Stepping into the future with 3D-printed shoes

Stepping into the future with 3D-printed shoes

Put your best foot forward

Text: Zimin Ho

United Nude and 3D Systems have teamed up with five leading designers and architects to add an innovative new kick to ladies footwear

Unveiled at Milan Design Week 2015, 'Re-inventing Shoes' is a collection of 3D-printed shoes curated to push the boundaries of design with cutting-edge technology and novel materials.

United Nude is no stranger to 3D printing. Their popular Float and Coral shoes were made with 3D Systems's Cube printers. This time round, United Nude's 'Re-inventing Shoes' collection has gone beyond mere utilitarian footwear to resemble a stable of conversational art pieces. From experimenting with mesh-like textures to drawing inspiration from fossils of the deep sea, each of the five designs in the collection is visually arresting in their own way.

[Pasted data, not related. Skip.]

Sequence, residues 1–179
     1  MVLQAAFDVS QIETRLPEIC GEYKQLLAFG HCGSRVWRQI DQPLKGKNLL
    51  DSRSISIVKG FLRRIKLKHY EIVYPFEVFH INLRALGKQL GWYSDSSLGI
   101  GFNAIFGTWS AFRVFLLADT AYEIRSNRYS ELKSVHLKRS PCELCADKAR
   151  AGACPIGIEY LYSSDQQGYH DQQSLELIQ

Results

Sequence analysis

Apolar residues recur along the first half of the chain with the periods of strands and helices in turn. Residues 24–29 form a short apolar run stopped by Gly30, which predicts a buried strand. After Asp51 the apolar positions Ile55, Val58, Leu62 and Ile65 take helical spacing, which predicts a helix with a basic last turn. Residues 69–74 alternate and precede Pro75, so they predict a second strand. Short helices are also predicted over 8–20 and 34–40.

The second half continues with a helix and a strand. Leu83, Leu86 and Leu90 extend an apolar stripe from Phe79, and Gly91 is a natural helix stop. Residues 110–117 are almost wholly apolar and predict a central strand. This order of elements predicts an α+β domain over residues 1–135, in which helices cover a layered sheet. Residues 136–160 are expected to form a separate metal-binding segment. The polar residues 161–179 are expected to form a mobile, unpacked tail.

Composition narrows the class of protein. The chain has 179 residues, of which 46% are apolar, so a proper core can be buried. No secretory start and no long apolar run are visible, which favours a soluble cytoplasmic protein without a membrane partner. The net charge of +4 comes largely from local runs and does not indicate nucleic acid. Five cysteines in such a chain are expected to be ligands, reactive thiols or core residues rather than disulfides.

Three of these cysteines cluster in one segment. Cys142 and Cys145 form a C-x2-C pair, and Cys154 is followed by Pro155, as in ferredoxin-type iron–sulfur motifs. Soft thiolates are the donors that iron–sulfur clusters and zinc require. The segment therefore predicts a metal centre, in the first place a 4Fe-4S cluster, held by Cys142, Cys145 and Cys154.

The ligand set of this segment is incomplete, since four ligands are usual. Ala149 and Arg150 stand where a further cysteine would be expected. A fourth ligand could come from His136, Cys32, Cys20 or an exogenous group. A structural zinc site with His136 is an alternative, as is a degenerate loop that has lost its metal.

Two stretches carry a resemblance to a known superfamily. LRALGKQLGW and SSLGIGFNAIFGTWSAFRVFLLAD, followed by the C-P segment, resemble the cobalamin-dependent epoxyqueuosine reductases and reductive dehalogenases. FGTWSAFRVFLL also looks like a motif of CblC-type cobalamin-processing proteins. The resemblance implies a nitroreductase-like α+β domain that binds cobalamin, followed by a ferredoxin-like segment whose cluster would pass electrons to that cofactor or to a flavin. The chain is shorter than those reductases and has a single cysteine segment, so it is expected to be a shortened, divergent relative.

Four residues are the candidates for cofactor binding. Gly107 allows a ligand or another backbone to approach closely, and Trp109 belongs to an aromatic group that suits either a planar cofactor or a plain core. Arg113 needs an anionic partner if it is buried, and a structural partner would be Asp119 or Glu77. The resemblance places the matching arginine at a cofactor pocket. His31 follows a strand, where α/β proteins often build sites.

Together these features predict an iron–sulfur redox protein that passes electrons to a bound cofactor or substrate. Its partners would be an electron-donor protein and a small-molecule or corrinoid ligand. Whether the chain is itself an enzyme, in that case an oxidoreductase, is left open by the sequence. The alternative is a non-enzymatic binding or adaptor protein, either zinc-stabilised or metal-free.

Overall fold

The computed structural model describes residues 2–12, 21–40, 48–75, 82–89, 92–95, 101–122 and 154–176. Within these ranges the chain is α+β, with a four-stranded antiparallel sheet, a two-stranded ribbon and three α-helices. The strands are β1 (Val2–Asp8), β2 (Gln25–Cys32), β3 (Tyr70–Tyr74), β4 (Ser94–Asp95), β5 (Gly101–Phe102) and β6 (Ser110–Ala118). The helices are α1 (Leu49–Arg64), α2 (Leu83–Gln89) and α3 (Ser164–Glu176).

Zaha Hadid

Zaha Hadid's Flames visually embodies the deadly dynamism of fire. A swooping silhouette embellished with thorn-like 'flames', the piece reflects Hadid's architectural language of abstraction and explosion.

Fernando Romero

Likewise, Fernando Romero's Ammonite is a design that speaks in juxtaposition. While the shoes are created from cutting-edge technology and modern notions of geometry, the final product is mirrored in the very image of nature — a timeless and delicate fossil.

A stylish amalgam of the delicate and the dynamic, these pieces aren't only an exploration of visual elements but also the effects of motion. Shoes are, after all, made for walking and United Nude's 3D footwear doesn't neglect the need for usability. The shoes are as focused on the ergonomics of comfort and support as they are on aesthetics. A newly patented soft rubber material known as thermoplastic polyurethane is used in the shoe uppers for a pliable fit. 

Michael Young's "YOUNG Shoe"

3D-printed shoes aren't just limited to designer footwear. They are already used in orthotic shoes for therapeutic applications and big names like Nike have also jumped onboard the bandwagon with their 3D-printed athletic shoe cleats. Advancements in the world of 3D-printing may completely reinvent how we make shoes. If this technology becomes more accessible, it might perhaps even tease at a new definition of homemade footwear. After all, the ability to print shoes from scratch spells an unprecedented degree of customisation and comfort. We may never have to go through the pain of breaking in new shoes again and that in itself is certainly a step in the right direction.